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The elevator doors open, wafting a sweet strawberry smell through the sterile, silver-toned lobby of Estefan Enterprises, a gated building on Bird Road at 62nd Avenue that separates a commercial strip from a quiet residential area just west of Coral Gables. On this hot summer afternoon, the outside parking lot is jammed with convertibles, Jeeps, and compacts, including Emilio Estefan's sporty Mercedes, which sits in its reserved spot near the locked lobby door, buzzed open by a harried coed answering phones behind a circular console.
Like a giant high school locker, the scented elevator is plastered with a collage of glossy magazine pictures and publicity shots of Gloria Estefan (Emilio's wife), Jon Secada, and other Estefan-produced artists. It's an entertaining between-floors distraction, especially in the spots where the seamless images of commercial-pop perfection are broken by small, grainy black-and-white photos of the Miami Latin Boys, Estefan's Seventies band. Those photos feature a young, chubby Gloria, a bearded Emilio, and the other Latin Boys dressed in tight black slacks, black vests, and puffy white long-sleeved shirts that recall the matching outfits worn by television's Partridge Family.
On the building's second floor, a shiny hallway and its adjoining offices are decorated with poster-size album-cover art that follows Gloria's post-Latin Boys transformation from voluptuous Miami Sound Machine disco queen into sleek, retro Latin sophisticate, the latter look captured on the cover of last year's Mi tierra, her Grammy-winning collection of traditional Cuban-style songs that so far has sold more than five million copies worldwide.
Bantering with an employee in Spanish, Emilio steps quickly down the hall past these images from the chart-topping hits he has produced, a string of successes that led to his signing a multimillion-dollar deal with Sony Music in January, the deal that created his Miami-based label, Crescent Moon Records. Sony is the parent company of Epic Records, for which Gloria has recorded over the last decade. The highest paid female Latin singer in the world, she pulled in a gross income of $38.5 million last year, according to Hispanic Business Magazine. Emilio Estefan, whose worth closely parallels that of his wife, has produced all of her albums.
As president of artist and talent development for Crescent Moon/Sony Music, which is distributed internationally through Epic, Estefan receives a salary that he says eclipses seven figures. (He will not disclose the exact amount, and numerous phone calls by New Times to Epic Records requesting information about Crescent Moon were not returned.) As part of the agreement he cut with Sony, Estefan receives a percentage of Crescent Moon's record sales, producer's fees, and royalties through his music-publishing company, Foreign Imported Productions and Publishing, which owns the rights to most of the songs sung by Gloria and Jon Secada, as well as the output of 29 other songwriters, including, of course, himself.
Sony Music President Tommy Mottola had been coaxing the Miami producer, now 41, to join the Japanese-owned music-business megacorporation for the last few years. But Estefan would settle only for complete control of his own label based here at Estefan Enterprises, which houses Crescent Moon Studios (the namesake of the record company) and offices for a staff of twenty.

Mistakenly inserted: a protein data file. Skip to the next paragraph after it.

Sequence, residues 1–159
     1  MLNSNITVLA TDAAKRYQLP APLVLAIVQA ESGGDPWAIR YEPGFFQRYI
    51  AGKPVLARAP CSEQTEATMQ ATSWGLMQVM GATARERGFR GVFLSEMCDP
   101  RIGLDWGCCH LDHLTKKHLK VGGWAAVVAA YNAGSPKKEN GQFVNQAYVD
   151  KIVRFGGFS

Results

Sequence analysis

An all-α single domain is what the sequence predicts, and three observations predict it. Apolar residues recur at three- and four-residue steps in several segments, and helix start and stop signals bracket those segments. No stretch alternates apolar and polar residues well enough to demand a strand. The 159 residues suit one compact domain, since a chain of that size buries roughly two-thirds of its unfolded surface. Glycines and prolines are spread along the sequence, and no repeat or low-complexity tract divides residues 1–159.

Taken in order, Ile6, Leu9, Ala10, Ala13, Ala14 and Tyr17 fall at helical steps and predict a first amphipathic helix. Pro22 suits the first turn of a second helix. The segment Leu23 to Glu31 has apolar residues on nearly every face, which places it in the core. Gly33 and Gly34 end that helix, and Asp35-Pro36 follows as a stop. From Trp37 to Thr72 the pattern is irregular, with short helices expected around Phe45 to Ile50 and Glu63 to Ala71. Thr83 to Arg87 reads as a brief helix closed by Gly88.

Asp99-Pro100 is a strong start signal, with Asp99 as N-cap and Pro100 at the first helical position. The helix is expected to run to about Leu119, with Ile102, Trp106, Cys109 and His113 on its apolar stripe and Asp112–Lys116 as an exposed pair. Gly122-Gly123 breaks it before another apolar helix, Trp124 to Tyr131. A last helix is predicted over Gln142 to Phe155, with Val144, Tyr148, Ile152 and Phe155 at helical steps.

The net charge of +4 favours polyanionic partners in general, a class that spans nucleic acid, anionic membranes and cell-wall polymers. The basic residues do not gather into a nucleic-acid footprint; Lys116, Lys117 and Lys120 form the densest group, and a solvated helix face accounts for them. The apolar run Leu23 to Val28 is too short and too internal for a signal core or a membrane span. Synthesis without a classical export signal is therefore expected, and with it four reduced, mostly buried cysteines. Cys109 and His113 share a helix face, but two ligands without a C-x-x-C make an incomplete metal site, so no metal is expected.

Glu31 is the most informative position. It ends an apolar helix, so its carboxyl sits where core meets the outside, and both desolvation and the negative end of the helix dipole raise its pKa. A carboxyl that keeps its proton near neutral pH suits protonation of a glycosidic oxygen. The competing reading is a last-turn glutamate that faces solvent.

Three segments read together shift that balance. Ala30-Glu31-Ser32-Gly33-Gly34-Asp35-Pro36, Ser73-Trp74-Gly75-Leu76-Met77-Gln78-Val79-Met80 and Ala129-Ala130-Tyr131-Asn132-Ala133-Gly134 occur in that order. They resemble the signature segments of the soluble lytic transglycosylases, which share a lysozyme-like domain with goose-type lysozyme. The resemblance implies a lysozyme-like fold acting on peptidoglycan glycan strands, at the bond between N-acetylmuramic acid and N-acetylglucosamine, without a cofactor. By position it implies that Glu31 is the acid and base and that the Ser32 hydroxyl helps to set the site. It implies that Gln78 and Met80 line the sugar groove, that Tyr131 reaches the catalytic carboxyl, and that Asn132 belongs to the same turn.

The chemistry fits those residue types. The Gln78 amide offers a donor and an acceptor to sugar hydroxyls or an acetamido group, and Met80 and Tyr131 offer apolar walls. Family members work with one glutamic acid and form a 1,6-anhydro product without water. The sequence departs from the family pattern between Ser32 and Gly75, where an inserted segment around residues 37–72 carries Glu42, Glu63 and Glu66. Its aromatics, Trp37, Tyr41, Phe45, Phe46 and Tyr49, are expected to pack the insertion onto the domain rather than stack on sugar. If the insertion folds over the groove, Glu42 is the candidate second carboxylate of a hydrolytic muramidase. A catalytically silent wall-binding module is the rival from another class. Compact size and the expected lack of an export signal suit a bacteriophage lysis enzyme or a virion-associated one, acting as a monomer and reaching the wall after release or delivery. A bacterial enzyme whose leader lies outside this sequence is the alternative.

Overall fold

"I said if I do something one day, I have to have the freedom because I can't have someone telling me, 'You cannot sign this.' That's not me," Estefan explains in his heavily accented English. "I'm going to put out something that I'm going to believe in. I have to believe in what I'm selling because otherwise I would be a hypocrite. Because money I don't need, you know what I mean?
"What they [Sony] gave me was the freedom to sign new talent," he goes on. "That's what I love because I like to create new sounds and new music and discover people. That was the only way I would do it." He fingers his clipped goatee and smiles. "I have no budget. I send everything to Sony, and Tommy Mottola says okay."
With the creation of the new company, Estefan Enterprises has outgrown its Bird Road building. Originally the Estefans had intended to expand into a small house with a pool, located next door on 62nd Avenue, which they also own, using it for additional office space and parking. But after they petitioned the city for a commercial-zoning permit, their plans were derailed by 62nd Avenue homeowners who protested that the couple's business was disrupting the neighborhood. Last month a story published in the Miami Herald A it referred to the Estefans as "the king and queen of pop" A reported that 40 self-described "little people" from the neighborhood met to discuss the problems created by cars and tractor trailers parked in front of Estefan Enterprises. Emilio and Gloria responded immediately with a letter to the newspaper. "It saddened us greatly to see us portrayed as the 'king and queen of pop' going against 'Dade's peasants,'" the letter said. "Our neighbors have been invited to view our facilities and have refused, choosing instead to surprise us with their actions."
"We never asked anyone for a favor," Estefan asserts. "We just wanted to do things right by asking for a permit. We were there for four years and we never had any complaints. And the only time we had eight-wheelers there was during the hurricane. Or maybe when we were moving in furniture."